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Memorial Soliciting a State Hospital
for the Protection and Cure of the Insane,
Submitted to the General Assembly of
North Carolina. November, 1848.
[House of Commons Document, No. 2.]:

Electronic Edition.

Dix, Dorothea Lynde, 1802-1887


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(title page) Memorial Soliciting a State Hospital for the Protection and Cure of the Insane, Submitted to the General Assembly of North Carolina. November, 1848. [House of Commons Document, No. 2.]
D. L. Dix
48 p.
Raleigh, North Carolina
Seaton Gales, Printer for the State
1848

Call number Cp362.2 D61 (North Carolina Collection, University of North Carolina at Chapel Hill)


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[HOUSE OF COMMONS DOCUMENT, NO. 2.]
MEMORIAL
SOLICITING A
STATE HOSPITAL
FOR THE PROTECTION AND CURE OF THE INSANE,
SUBMITTED TO THE
GENERAL ASSEMBLY OF NORTH CAROLINA.
NOVEMBER. 1848

RALEIGH:
SEATON GALES, PRINTER FOR THE STATE.


Page 3

MEMORIAL.

To the General Assembly of the
State of North Carolina:

GENTLEMEN:--

        I respectfully ask your attention to the subject herein presented and discussed; and solicit your prompt and favorable action upon the same.

        I come not to urge personal claims, nor to seek individual benefits; I appear as the advocate of those who cannot plead their own cause; I come as the friend of those who are deserted, oppressed, and desolate. In the Providence of God, I am the voice of the maniac whose piercing cries from the dreary dungeons of your jails penetrate not your Halls of Legislation. I am the Hope of the poor crazed beings who pine in the cells, and stalls, and cages, and waste rooms of your poor-houses. I am the Revelation of hundreds of wailing, suffering creatures, hidden in your private dwellings, and in pens and cabins--shut out, cut off from all healing influences, from all mind-restoring cares.

        Could the sighs and moans, and shrieks of the insane throughout your wide-extending land reach you here and now, how would your sensibilities to the miseries of these unfortunates be quickened: how eager would you be to devise schemes for their relief --plans for their restoration to the blessing of a right exercise of the reasoning faculties. Could their melancholy histories be spread before you as revealed to my grieved spirit during the last three months, how promptly, how earnestly would you search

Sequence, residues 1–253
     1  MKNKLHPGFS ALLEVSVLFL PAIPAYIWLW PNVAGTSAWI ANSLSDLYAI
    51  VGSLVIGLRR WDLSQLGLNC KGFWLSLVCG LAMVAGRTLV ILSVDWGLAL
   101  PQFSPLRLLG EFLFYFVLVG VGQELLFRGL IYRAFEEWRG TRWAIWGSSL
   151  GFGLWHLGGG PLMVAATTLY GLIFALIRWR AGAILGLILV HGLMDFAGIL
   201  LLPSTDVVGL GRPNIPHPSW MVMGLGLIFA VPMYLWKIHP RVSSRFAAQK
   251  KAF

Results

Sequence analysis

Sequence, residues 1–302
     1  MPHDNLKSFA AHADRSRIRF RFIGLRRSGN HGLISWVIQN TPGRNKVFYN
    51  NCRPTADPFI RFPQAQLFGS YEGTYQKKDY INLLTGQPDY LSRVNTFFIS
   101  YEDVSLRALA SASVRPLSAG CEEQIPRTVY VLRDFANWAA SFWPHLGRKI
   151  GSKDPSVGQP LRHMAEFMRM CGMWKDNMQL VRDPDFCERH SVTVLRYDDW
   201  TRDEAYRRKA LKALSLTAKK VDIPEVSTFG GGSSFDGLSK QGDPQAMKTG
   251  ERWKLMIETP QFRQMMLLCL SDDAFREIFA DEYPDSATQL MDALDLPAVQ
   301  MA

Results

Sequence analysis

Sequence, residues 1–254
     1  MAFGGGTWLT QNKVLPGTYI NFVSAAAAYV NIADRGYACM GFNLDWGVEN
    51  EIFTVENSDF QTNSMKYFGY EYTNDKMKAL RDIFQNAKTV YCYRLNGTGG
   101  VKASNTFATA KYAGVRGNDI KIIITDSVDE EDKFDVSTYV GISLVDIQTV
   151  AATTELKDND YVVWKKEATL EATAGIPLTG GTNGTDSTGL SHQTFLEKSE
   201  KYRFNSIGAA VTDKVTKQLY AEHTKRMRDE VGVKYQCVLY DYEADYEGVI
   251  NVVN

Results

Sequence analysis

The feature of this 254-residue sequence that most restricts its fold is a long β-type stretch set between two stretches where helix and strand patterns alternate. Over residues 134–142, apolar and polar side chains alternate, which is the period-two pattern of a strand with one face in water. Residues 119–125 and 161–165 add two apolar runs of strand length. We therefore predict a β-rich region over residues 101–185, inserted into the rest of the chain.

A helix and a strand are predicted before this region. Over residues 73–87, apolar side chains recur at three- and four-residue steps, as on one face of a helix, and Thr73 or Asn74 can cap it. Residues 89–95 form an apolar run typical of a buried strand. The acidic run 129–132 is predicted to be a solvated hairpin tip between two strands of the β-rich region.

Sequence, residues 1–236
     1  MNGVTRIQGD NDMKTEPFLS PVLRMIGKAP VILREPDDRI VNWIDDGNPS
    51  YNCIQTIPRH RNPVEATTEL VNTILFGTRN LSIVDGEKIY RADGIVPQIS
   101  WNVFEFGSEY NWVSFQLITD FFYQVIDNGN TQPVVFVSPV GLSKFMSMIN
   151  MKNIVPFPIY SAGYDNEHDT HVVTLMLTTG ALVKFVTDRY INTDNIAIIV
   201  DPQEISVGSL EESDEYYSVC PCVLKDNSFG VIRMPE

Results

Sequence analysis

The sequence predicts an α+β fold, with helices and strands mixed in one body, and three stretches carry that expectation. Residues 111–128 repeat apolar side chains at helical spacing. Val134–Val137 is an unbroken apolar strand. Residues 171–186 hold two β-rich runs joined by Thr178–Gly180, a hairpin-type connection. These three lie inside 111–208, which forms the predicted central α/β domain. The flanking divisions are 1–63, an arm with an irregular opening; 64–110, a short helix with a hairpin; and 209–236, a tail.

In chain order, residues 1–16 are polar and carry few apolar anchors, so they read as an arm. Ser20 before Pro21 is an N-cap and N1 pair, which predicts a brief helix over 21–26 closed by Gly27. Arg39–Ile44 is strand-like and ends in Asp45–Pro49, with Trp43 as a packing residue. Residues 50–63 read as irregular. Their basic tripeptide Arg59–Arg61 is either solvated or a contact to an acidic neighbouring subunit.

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out the most approved means of relief; how trifling, how insignificant, by comparison, would appear the sacrifices you are asked to make; how would a few dimes and dollars, gathered from each citizen, diminish in value as a possession, compared with the certain benefits and vast good to be secured for the suffering insane, and for their afflicted kindred, by the consecration and application of a sufficient fund to the construction of a suitable hospital in which the restoring cares of skilfully applied physical and moral treatment should be received and in which humane and healing influences should take the place of abuse and neglect and of galling chains and loathsome dungeons.

        North Carolina, hailed of her sons, "the glorious Old North,"--North Carolina, unburthe ned by State debts, untouched by serious misfortunes, is last and latest of the "old thirteen," save the small terrirory of Delaware, to make provision for the care and cure of her insane citizens, and almost the last embracing all the New States in our broad Union.

        But it is not to the State pride of the intelligent citizens of North Carolina that my appeal comes; it is to the liberal and humane hearts of this portion of my fellow citizens, its plea reaches; it cannot be rejected, it dares not consent to be put off, it claims with earnest importunity that its merits may be discussed, it would merge in oblivion the multiplied miseries resulting from past neglects and procrastination, by wakening to action the efficient energies of humanity and justice.